Dry Mouth


Xerostomia, the subjective complaint of dry mouth, and hyposalivation remain a significant burden for many individuals. Diagnosis of xerostomia and salivary gland hypofunction is dependent upon a careful and detailed history and thorough oral examination. There exist many options for treatment and symptom management: salivary stimulants, topical agents, saliva substitutes, and systemic sialagogues.


Chronic xerostomia remains a significant burden for many individuals. In particular, it may affect speech, chewing, swallowing, denture-wearing, and general well-being.

Xerostomia secondary to hyposalivation may also result in rampant dental caries, oral fungal infections (e.g., candidiasis), taste changes, halitosis, or burning mouth. The most frequent cause of hyposalivation is the use of certain medications (such as anticoagulants, antidepressants, antihypertensives, antiretrovirals, hypoglycemics, levothyroxine, multivitamins and supplements, non-steroidal anti-inflammatory drugs, and steroid inhalers) followed by radiotherapy to the head and neck, and Sjögren’s syndrome. Other factors include depression, anxiety, and stress, or malnutrition.” (Villa,2015)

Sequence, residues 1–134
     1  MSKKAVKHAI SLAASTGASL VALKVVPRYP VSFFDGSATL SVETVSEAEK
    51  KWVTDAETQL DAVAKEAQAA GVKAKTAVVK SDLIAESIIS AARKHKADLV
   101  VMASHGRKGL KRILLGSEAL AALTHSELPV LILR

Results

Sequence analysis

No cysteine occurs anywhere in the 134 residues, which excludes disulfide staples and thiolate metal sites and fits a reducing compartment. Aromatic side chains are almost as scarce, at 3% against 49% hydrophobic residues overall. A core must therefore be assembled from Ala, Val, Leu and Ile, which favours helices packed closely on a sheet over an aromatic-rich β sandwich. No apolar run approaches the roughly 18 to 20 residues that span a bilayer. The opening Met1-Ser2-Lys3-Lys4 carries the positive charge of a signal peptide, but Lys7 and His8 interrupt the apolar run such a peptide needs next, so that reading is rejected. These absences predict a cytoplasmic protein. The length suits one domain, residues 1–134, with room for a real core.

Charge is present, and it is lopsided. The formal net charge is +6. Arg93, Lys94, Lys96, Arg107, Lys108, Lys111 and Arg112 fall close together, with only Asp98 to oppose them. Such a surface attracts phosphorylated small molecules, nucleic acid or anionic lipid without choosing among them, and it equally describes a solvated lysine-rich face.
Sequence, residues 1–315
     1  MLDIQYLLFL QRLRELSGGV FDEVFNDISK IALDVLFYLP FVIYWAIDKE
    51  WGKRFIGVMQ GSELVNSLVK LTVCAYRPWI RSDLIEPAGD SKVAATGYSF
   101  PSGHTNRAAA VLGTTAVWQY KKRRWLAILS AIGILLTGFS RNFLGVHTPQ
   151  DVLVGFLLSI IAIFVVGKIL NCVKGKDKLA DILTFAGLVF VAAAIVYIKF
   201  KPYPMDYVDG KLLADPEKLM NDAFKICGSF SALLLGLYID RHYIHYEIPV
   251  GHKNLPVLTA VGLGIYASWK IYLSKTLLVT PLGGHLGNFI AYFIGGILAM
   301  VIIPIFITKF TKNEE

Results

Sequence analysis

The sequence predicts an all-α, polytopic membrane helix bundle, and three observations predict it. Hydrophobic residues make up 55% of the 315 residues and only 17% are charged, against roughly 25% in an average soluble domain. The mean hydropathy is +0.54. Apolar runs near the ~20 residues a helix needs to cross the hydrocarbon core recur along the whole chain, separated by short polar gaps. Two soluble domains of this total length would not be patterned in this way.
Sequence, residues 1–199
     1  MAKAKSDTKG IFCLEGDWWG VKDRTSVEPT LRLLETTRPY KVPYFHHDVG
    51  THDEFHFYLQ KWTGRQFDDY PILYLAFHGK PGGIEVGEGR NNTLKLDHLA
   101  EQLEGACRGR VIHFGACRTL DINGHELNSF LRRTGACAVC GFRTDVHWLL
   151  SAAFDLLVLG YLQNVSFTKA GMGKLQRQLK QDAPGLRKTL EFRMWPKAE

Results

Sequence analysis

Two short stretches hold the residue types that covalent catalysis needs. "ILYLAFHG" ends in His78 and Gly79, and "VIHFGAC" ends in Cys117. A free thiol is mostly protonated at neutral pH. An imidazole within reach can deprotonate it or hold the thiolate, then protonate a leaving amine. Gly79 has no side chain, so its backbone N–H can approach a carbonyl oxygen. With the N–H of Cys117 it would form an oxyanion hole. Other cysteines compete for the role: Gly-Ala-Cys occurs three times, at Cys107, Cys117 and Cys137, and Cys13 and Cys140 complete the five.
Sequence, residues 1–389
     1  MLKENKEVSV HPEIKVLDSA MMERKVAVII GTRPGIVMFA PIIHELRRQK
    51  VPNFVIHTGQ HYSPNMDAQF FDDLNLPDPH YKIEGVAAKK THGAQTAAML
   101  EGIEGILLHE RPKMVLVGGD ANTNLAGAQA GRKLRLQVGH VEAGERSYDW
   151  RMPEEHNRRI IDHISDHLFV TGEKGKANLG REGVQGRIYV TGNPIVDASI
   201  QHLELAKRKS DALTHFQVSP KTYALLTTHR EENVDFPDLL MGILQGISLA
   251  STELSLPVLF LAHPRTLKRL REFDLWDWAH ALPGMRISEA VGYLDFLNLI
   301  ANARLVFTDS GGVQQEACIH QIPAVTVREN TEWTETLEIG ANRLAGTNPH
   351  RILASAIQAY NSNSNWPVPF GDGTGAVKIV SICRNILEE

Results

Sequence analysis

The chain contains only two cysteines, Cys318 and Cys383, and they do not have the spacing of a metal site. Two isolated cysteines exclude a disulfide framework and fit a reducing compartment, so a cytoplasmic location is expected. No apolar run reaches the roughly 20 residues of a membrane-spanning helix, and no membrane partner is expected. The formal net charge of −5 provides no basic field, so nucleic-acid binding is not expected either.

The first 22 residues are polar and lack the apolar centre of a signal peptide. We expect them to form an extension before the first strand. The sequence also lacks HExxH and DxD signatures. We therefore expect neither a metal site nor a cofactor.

For more information about xerostomia and hyposalivation, see these resources:

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Image reference: Dry tongue in Sjogren's syndrome. Photography. Britannica ImageQuest, Encyclopædia Britannica, 25 May 2016.quest-eb-com.ccriezp.idm.oclc.org/search/132_1268119/1/132_1268119/cite. Accessed 25 Sep 2021.


The information on the Dental Oncology Knowledge Center of Rhode Island, including but not limited to, text, graphics, images, and other external materials are for informational purposes only. The Partnership to Reduce Cancer in Rhode Island does not provide medical advice. The information on this website is not intended as a substitute for professional medical advice, diagnosis, or treatment.